18 April 2008

Poem Of the Last Two Decades

It's been a long time coming but I finally tracked down and purchased the small collection of William Stafford poems titled Things That Happen Where There Aren't Any People that contains my favorite poem of the same name. I first came across this poem in an undergraduate English class at the University of Utah sometime either 1989 or 1990. While I haven't been on a constant search for it the words burrowed themselves into my memory and have remained a significant source of inspiration ever since.

I don't know exactly when the poem was first published but the book includes poems that range in date from 1959 to 1980.

William Stafford was born in Hutchinson, Kansas in 1914 and died at his home in Lake Oswego, Oregon in 1993. In 1941 he was drafted into the United States Army but, as a registered pacifist, was sent to work on domestic projects with other conscientious objectors. He spent from 1942 to 1946 in work camps in the forests of Arkansas, Illinois, and California fighting wildfires,
as a soil conservationist, and on various trail crews.

Stafford's 1947 master's thesis was a collection of memoirs about his time spent as a conscientious objector titled
Down In My Heart. In 1948 he accepted a teaching position at Lewis and Clark College in Portland, Oregon where he remained until retirement. His most famous poem, Traveling Through Dark, won him the National Book Award in 1963. He was forty-eight years old. Though he started publishing his poems only later in his life he was quite prolific and compiled some fifty-seven volumes of poetry.

I'm no poet and I'm certainly not going to try to interpret it as I did some seventeen or eighteen years ago. Instead, I'll simply post the poem so that if, by chance, some other wanderer finds him- or herself searching for something that gives their life meaning here, at least, is one possibility.

Things That Happen Where There Aren't Any People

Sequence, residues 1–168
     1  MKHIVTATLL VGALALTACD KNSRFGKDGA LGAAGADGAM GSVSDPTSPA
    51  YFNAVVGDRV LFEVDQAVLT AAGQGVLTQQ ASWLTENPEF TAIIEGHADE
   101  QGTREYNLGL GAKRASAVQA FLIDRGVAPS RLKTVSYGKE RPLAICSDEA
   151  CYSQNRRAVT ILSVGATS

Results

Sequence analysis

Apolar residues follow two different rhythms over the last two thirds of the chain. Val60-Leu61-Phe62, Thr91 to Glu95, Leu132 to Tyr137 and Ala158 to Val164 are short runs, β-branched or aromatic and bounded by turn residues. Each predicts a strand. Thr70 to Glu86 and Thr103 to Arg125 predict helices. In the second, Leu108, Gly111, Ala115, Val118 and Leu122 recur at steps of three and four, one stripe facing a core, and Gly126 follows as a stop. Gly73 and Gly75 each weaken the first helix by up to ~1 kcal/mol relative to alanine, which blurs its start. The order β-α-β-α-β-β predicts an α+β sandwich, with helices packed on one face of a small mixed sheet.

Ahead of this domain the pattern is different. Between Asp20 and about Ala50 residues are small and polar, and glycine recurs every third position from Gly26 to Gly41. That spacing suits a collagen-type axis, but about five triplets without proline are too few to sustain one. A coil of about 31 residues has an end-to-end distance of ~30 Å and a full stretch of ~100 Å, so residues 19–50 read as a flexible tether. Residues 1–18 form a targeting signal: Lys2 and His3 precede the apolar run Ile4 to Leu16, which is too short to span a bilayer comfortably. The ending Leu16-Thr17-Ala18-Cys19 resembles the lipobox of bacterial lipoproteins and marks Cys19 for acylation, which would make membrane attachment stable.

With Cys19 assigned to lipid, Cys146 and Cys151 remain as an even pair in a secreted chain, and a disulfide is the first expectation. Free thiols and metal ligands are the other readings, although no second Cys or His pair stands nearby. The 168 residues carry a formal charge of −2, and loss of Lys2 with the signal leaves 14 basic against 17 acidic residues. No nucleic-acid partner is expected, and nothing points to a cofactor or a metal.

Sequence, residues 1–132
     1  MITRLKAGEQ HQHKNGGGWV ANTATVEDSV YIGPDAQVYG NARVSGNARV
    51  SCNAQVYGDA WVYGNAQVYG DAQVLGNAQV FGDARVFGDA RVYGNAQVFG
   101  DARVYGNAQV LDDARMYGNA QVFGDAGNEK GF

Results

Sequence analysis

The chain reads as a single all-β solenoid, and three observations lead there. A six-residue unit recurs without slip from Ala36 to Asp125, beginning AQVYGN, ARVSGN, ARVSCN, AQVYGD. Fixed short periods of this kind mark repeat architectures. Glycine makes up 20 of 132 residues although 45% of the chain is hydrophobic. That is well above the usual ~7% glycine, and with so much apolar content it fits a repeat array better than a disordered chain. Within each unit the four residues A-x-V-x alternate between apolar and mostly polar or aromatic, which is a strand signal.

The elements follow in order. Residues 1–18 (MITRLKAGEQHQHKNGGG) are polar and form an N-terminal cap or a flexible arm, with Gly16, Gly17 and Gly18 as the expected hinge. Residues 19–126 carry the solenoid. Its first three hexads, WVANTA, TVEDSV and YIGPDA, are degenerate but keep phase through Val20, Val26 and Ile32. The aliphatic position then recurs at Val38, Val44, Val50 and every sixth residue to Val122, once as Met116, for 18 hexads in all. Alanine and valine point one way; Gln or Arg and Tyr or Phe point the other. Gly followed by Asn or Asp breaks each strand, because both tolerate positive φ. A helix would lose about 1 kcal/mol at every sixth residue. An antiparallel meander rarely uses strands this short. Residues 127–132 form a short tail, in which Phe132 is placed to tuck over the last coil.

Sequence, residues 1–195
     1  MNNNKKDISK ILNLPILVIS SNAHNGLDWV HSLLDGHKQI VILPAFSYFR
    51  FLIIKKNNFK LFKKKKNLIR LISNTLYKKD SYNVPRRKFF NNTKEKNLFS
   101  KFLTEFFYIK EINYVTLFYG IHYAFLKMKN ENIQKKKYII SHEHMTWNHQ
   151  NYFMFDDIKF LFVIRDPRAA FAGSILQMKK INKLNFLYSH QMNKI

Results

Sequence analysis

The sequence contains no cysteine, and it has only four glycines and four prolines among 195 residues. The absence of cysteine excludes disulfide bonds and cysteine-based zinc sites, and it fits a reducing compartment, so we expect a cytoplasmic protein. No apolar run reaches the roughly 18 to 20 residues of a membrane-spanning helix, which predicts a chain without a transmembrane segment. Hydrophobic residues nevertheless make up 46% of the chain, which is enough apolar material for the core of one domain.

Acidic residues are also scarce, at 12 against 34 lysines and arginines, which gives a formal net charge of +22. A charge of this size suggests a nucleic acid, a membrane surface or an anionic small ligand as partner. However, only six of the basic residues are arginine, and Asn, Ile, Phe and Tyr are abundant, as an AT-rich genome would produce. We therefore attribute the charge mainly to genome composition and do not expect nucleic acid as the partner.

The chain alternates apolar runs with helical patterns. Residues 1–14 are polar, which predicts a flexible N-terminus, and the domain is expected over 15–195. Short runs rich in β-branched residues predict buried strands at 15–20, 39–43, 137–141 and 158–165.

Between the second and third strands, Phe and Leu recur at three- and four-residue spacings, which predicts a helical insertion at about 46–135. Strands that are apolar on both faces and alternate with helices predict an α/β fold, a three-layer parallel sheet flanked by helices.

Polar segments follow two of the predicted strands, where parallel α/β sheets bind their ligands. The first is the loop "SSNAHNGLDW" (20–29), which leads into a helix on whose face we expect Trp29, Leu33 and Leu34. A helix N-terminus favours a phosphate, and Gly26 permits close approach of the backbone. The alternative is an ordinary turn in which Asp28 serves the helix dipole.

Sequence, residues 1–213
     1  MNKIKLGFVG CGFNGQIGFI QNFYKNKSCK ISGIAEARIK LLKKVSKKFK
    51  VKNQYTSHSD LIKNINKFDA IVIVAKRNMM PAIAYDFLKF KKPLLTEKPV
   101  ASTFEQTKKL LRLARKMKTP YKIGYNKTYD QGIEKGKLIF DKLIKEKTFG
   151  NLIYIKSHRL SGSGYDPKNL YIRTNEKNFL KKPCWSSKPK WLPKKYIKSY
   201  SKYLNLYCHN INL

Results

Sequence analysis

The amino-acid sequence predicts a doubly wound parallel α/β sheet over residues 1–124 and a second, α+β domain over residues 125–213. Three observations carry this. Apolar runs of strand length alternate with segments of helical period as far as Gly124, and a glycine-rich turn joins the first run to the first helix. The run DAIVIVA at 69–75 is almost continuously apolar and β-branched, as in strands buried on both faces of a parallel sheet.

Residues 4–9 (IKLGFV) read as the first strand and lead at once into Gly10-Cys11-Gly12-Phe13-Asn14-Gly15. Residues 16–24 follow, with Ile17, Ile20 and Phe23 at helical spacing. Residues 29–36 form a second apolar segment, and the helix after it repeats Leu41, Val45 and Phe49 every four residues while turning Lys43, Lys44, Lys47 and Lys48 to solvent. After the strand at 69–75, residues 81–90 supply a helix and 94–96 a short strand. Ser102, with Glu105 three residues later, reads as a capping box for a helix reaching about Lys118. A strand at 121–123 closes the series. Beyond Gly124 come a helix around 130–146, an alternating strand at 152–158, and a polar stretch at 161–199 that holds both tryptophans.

It's cold on Lakeside Road
with no one traveling. At its turn
on the hill an old sign sags and
finally goes down. The traveler rain
walks back and forth over its victim
flat on the mud.

You don't have to have any people when
sunlight stands on the rocks or gloom
comes following the great dragged clouds
over a huddle of hills. Plenty of
things happen in deserted places, maybe
dust counting millions of its little worlds
or the slow arrival of deep dark.

And out there in the country a rock has been
waiting to be mentioned for thousands of years.
Every day its shadow leans, crouches,
then walks away eastward in one measured stride
exactly right for its way of being. To reach
for that rock we have the same reasons
that explorers always have for their journeys:
because it is far, because there aren't any people.

And to add to the vast, beautiful, but stark landscapes created by William Stafford here is a piece of music perfect for an accompaniment while reading the poem. Mick Turner is a painter and one half of The Tren Brothers, who (including drummer Jim White) are exactly two thirds of the Dirty Three. Most of the music that floats out of any combination of these three people is poem worthy. This track is taken from the recent Mick Turner/Tren Brothers compilation Blue Trees. Listen to it while reading along for a sublime experience.

Tren Brothers: Swing Pt. 1.mp3

Then go support the troops:
William Stafford Memorial Page at Graywolf Press
Friends of William Stafford
William Stafford books at Amazon and ABE Books

Mick Turner and the Tren Brothers at Amazon


1 comment:

Lea Hartl said...

Über allen Gipfeln
Ist Ruh,
In allen Wipfeln
Spürest Du
Kaum einen Hauch.
Die Vöglein schweigen im Walde,
Warte nur balde
Ruhest du auch.

-Johann Wolfgang von G.